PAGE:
When it comes to making money from music, few online options have proved quite as popular in recent years as Patreon, a membership subscription platform that enables musicians and other creators to launch a personalised subscription-based site for their fans, or ‘patrons’ as they are known. Launched in May 2013 by US musician Jack Conte as a means to make a living from his YouTube videos, the platform now boasts over 250,000 creators, making an estimated $100m per month from over seven million patrons across the globe. Ten years after its formation, the company itself is now valued at $4bn.
The premise of Patreon is simple: fans or patrons support their favourite creators by making direct payments to them for their creations. Patrons pay a set amount of money every time an artist creates a work of art. For this, Patreon charges a commission of between 5 to 12 per cent of creators' monthly incomes, in addition to payment processing fees.
The platform’s customer support has received some criticism from users in the past. But for many musicians, Patreon has offered a source of steady and recurring income. It also has the potential to strengthen the relationship between artist and fan. For musicians who sign up to the service, there are some key tips and techniques to consider making the platform work for you.
1. You will need an existing fanbase
The first thing to note is that Patreon will probably not work for you unless you already have a substantial number of fans willing to support you via a monthly subscription on the site. Patreon is a membership platform, not a discovery platform. The more established an artist already is online the easier it is to grow your patrons. So if you don’t have a fanbase, this probably isn’t the platform for you.
2. Make sure you have the time, patience and commitment
If you do have an existing online fanbase and want to sign up, the next thing to ask yourself is whether you have what it takes to grow that fanbase via Patreon. You will probably need to be offering your fans rewards and perks on a daily basis. So before you take the plunge, make sure you have the time, patience and commitment needed within your schedule to run your Patreon page.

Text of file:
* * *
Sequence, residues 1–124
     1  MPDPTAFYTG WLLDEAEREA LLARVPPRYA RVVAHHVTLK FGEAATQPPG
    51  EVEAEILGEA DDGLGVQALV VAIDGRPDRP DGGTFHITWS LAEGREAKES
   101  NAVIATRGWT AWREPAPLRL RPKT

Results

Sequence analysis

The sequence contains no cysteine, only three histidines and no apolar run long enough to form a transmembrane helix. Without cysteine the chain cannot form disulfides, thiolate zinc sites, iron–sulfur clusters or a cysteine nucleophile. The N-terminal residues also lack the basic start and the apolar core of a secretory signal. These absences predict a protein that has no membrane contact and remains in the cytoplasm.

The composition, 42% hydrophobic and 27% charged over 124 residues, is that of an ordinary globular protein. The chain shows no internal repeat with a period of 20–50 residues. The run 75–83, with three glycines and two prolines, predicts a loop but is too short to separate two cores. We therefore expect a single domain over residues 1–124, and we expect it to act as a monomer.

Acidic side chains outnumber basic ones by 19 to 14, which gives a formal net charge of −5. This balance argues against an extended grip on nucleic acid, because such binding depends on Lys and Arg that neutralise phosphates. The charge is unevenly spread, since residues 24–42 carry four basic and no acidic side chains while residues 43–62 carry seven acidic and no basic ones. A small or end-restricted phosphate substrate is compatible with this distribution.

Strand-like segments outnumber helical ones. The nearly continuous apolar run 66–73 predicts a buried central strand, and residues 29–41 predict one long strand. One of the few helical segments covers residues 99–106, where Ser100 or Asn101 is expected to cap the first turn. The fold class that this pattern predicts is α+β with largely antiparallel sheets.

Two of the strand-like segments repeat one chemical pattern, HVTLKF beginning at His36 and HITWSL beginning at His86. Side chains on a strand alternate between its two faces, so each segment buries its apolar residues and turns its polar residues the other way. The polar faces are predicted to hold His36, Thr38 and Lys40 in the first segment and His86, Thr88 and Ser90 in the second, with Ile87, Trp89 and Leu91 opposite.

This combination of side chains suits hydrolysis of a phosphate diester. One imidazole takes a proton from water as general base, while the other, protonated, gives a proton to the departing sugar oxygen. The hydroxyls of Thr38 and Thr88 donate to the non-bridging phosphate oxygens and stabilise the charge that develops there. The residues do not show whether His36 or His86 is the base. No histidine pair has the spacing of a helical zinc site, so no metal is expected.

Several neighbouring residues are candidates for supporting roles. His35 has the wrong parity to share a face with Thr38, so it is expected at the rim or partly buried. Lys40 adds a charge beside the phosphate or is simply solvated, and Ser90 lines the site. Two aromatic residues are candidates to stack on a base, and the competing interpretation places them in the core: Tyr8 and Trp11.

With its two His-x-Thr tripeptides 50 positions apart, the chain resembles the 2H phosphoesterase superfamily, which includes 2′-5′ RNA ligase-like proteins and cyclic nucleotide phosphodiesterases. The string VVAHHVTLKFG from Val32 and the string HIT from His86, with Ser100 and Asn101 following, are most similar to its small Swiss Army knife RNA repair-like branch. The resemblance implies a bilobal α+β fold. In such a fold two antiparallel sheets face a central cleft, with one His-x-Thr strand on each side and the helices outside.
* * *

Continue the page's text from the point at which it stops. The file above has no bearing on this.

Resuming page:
3. Make a plan and keep it simple
Work out well before launching your Patreon page exactly what you want to achieve with it and make sure you have all the rewards and perks that you plan to offer your patrons ready to send to them. This could range from bonus audio content and behind-the-scenes footage to physical merch.
Set goals that are achievable and keep them simple. Fans will respond much better to a clear and concise message about what you plan to achieve. Make sure you set targets with dates and times when your patrons will be able to access new content.
4. Keep your fans engaged
Anyone who is a fan of your music will be interested in knowing more about the creation of that music, so in your first posts share a few behind-the-scenes photos, video clips or rough notes about upcoming releases.
“My Patrons will hear my new ideas before I’ve recorded them, sometimes before I’ve even finished them,” says singer-songwriter, busker and MU member Charlotte Campbell, who signed up with Patreon in 2016 with the aim of using the platform to crowdfund an album. She now uses the platform to share her newest songwriting ideas, and as “an extra form of income” from her patrons on the platform.
“They comment to let me know what they think and essentially choose which ones I should take to the recording studio. I think they enjoy having their opinions heard with regards to which songs I move forward with, release and play live.”
5. Choose more than one tier membership
Patreon offers three membership tiers with differing payment and reward options for patrons. While it may be simplest to select just a one tier membership level at the start, all evidence suggests that having two or three tiers – from basic through to premium access – will increase your income on Patreon going forward. Some creators even extend their options to four, five or six membership tiers.
6. Promote your Patreon on social media